Population Statistic: Read. React. Repeat.
Tuesday, March 22, 2021

skip this
Users of Tivo and other digital video recorders hate television commercials, right? It’s a given. A driving force for adoption of the settop boxes is the ability to zip past all those annoying ads, ensuring that they never make eye contact with them, and get straight to their precious shows.

So when a bunch of hardcore Tivo devotees discuss commercials they like so much that they’ll actually lay off the fast-forward button to watch them, I’m thinking every advertising agency on the globe needs to pay attention. These people have a knee-jerk aversion to any and all TV ads, and represent your all-time toughest audience. If you can grab them, you’ve got it made.

Some highlights of the ad themes that made these clicker-commandos pause:

- Geico’s Gecko campaign

- EDS‘ “Herding Cats” spot from a few years back (which, personally, I thought was God-awful)

- Burger King’s “Fantasy Ranch” spot (of course)

- Hewlett-Packard’s “Picture Book” series

- Old Navy’s “Holiday Carollers” spots

- Starbucks“Glen Glen Glen” spot

- Costa Tsiokos, Tue 03/22/2005 02:28:02 PM
Category: Advert./Mktg., TV | Permalink | Feedback (4)


no fixed location
Is the NFL ready to stop pitting city against city in its annual Super Bowl Shuffle selection process, and settle on a couple of default sites for the championship game/media event? The Miami Dolphins will propose a plan today for making South Florida and perhaps one other location a permanent pivot for the big game, guaranteeing a Super Bowl at a re-jiggered Dolphins Stadium once every couple of years.

The concept includes constructing an entertainment complex that would host the pregame and halftime shows, as well as playing the Pro Bowl between the conference championships and Super Bowl.

“It really is an exciting vision of where the Super Bowl could go in the next 15 to 25 years if we had a permanent facility or two as part of a rotation that would also include other cities that didn’t have such a facility,” NFL commissioner Paul Tagliabue said Monday.

While it’s savvy of the league to not want to get stuck in the same formula for too long, my thinking is that the Super Bowl hardly needs any sort of a boost right now, especially not in terms of location. It ain’t broke, so why fix it?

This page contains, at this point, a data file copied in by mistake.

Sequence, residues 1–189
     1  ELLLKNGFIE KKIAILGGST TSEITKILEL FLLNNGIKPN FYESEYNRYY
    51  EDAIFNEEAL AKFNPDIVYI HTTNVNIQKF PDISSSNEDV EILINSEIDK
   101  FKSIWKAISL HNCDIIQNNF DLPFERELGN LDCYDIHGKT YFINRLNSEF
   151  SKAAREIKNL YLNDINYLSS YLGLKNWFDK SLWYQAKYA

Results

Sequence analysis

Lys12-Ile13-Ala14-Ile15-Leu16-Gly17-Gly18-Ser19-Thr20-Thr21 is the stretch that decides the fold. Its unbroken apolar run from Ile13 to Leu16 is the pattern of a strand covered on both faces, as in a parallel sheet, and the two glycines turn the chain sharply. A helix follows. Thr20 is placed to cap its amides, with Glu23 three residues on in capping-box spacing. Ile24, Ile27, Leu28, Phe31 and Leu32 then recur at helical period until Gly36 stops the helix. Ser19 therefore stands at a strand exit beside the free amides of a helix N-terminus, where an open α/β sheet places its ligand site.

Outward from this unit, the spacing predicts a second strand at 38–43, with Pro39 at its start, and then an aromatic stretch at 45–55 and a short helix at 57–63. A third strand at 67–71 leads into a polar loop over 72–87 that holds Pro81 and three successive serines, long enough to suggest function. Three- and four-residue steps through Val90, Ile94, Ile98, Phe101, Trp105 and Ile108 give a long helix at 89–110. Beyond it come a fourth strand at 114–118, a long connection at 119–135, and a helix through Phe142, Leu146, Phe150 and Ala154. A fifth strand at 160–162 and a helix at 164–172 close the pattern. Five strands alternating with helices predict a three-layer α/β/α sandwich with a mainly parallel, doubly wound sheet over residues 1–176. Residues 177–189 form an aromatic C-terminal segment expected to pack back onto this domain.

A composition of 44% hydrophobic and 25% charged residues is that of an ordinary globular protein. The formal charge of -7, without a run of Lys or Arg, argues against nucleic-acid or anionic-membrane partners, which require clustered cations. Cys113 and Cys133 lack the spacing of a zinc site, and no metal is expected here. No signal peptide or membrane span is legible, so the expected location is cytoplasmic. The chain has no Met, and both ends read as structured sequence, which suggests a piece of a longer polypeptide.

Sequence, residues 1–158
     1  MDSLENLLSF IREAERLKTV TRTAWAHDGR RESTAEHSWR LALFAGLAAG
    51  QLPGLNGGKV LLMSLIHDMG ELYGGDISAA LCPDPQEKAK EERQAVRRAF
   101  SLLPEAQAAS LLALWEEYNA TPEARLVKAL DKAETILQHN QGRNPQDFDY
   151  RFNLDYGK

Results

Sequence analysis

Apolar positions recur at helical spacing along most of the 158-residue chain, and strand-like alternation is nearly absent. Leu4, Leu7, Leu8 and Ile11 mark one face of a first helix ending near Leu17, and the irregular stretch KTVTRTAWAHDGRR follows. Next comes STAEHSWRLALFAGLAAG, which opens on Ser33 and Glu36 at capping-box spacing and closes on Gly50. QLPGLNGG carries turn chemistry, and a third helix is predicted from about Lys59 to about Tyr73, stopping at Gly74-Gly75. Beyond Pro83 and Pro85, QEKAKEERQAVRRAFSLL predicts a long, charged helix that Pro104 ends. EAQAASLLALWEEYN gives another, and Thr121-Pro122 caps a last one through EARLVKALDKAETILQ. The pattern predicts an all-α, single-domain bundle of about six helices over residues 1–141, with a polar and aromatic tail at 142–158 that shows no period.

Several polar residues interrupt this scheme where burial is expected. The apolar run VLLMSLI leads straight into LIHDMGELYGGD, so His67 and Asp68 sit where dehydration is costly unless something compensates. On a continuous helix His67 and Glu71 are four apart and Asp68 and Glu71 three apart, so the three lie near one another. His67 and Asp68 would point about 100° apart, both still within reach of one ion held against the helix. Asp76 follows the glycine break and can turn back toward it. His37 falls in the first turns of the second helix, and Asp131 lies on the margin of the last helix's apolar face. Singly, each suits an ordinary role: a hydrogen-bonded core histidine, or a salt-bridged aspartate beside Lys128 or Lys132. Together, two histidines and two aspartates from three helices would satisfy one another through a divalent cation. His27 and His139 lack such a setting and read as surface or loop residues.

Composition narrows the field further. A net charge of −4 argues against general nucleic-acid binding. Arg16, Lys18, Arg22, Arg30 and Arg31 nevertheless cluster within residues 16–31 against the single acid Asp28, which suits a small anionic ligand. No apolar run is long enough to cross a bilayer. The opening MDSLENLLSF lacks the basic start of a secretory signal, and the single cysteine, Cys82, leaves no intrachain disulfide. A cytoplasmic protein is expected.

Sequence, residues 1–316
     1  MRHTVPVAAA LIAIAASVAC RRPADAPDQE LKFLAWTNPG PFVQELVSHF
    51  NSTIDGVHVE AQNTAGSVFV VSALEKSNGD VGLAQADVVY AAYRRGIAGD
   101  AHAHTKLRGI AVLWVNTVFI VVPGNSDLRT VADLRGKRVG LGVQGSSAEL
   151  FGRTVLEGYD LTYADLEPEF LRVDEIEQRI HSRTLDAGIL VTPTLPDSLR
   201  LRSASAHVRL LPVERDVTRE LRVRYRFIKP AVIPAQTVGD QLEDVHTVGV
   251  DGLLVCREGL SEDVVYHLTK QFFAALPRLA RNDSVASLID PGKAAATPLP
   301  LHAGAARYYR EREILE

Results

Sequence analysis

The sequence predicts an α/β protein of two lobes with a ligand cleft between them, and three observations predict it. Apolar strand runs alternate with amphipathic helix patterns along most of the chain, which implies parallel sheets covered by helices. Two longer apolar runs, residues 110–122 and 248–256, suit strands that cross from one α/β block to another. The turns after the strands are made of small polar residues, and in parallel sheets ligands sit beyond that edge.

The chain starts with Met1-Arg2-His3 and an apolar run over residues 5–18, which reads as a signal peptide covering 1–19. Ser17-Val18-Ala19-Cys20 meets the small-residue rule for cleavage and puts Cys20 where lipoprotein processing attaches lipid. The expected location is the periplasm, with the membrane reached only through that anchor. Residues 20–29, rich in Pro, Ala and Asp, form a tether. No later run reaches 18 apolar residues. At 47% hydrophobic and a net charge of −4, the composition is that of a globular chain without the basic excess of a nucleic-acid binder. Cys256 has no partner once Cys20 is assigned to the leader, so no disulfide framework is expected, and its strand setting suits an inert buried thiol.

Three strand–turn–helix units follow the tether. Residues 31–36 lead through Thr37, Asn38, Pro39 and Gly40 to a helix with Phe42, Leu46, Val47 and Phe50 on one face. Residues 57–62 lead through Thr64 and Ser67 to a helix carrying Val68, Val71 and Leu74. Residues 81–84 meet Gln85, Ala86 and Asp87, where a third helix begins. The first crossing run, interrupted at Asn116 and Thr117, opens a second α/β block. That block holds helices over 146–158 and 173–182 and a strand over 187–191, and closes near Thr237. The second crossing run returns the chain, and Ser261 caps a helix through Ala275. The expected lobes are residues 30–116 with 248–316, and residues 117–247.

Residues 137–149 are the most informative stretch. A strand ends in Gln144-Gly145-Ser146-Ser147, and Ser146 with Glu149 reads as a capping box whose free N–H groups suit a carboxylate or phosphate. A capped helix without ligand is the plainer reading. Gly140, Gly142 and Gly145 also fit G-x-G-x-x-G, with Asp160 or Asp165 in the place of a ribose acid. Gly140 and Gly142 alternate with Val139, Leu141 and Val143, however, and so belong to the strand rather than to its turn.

And frankly, this doesn’t help the league, it helps Miami. It guarantees them a Super Bowl every three or four years, without having to do the usual dirty work of cajoling local governments and businesses into putting together incentive packages.

I can’t imagine why the rest of the owners would even consider going along with this. Not only does it gift Miami, it considerably lengthens the waiting list for other cities to get a Super Bowl. Aside from hosting the game itself, the promise of a Super Bowl has been a key negotiating chip in every city where a team has tried to get a new stadium built (in other words, every NFL town). Again, why would the owners willingly weaken their leverage that way, just to benefit the Dolphins (and perhaps one other team)?

“This has been discussed before. The problem is that it doesn’t take into account certain places like Phoenix building a stadium, other people like New York building a stadium, so it’s hard to get into that rotation,” said Bucs executive vice president Bryan Glazer. “But I think there are favorite places the league likes to go, which are generally warm-weather sites. I think if you polled the fans and the business people that attend the games, they’d enjoy to go to certain places over and over. New Orleans, Miami, Tampa.”

The joke, of course, is that for much of the past decade, there has been a de facto “rotation” of Super Bowl cities. Because of the strong preference for warm-weather sites, the NFL staged the Super Bowl in New Orleans, Tampa, South Florida and Southern California almost exclusively from about the mid-’90s to earlier this decade. Only when new stadiums were completed in places like Minnesota and Atlanta did this change.

By the way, while the idea of the Pro Bowl occurring earlier is nice in theory, it’ll make that game even more of a joke than it is now. It’s a given that players on the Super Bowl teams won’t play. Depending on when the rosters need to be finalized, there’s a good chance that several playoff-bound players will opt out of a game that represents nothing but a chance to get injured. Who’s left? It won’t be All-Pro players going at each other, but a bunch of players from losing teams. Aside from that, I could swear that the league just recently renewed an agreement with Honolulu to keep the Pro Bowl there for another decade.

- Costa Tsiokos, Tue 03/22/2005 01:55:48 PM
Category: Football, SportsBiz | Permalink | Feedback (2)